International Journal for
Numerical and Analytical Methods in Geomechanics, 30 (2006), 71-90
PLASTIC MODEL WITH NON-LOCAL DAMAGE APPLIED TO CONCRETE
University of Glasgow, Scotland
Czech Technical University in Prague,
The present paper deals with a certain class of regularized models for
concrete failure, combining plasticity with nonlocal damage. The
plastic part is local and uses a yield condition formulated in the
effective stress space. Softening is incorporated through the damage
part of the model. Damage is considered as isotropic and linked to the
evolution of plastic strain. The regularized version of the model is
based on weighted spatial averaging of the damage-driving variable.
Conditions for a mesh-independent description of the localized zone of
inelastic strains are studied using one- and two-dimensional examples
solved by simple nonlocal damage-plasticity models, in two dimensions
with nonassociated flow. Then, the framework is applied to an advanced
model for concrete. Structural examples of tensile and compressive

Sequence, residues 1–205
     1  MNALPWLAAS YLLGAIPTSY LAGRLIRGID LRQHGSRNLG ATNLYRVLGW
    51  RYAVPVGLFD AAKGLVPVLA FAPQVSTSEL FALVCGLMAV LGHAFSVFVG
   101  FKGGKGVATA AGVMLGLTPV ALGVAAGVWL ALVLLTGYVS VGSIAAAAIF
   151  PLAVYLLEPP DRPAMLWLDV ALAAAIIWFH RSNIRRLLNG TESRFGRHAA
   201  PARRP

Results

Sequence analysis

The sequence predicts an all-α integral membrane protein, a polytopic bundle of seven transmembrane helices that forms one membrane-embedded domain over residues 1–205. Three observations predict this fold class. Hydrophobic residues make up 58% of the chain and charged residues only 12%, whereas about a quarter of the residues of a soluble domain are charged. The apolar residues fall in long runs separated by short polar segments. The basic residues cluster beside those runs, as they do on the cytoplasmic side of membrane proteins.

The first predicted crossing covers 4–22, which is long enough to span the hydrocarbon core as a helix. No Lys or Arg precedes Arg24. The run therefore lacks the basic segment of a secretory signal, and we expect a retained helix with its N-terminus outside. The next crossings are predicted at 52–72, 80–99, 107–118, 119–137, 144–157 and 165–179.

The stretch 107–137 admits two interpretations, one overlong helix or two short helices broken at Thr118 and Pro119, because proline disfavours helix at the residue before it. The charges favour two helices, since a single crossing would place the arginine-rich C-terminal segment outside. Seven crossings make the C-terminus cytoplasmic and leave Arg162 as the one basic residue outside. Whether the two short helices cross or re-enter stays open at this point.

failure are presented.
In the present study we have proposed a framework for nonlocal
damage-plastic models, combining local plastic part with
integral-type nonlocal damage. The damage evolution is driven by the
The examples of tensile, shear and compressive failure show that the
dissipation associated with the failure process for this type of
regularized damage-plastic models is mesh-independent. Furthermore, we
have analyzed two approaches that enforce a continuous strain profile
of inelastic strain:
Finally, it has been shown that the nonlocal damage-plastic model for
concrete can provide a mesh-independent description of various
combinations of tensile and compressive failure, even in cases when the
traditional approach based on a local formulation with fracture-energy
motivated adjustment of the softening modulus fails.
- The plastic hardening modulus is larger than the critical plastic
hardening modulus, and the local damage-driving variable is replaced by
its nonlocal counterpart.
- The local damage-driving variable is replaced by a linear
combination of its local and nonlocal value with a suitable value of
parameter m (m>1), as proposed by Vermeer and
To keep the number of parameters limited, only one scalar damage
variable was considered here. Clearly, this choice restricts the range
of applicability of the model. Generalizations to isotropic
formulations with several damage variables and to anisotropic
formulations with damage tensors should be explored in the future.
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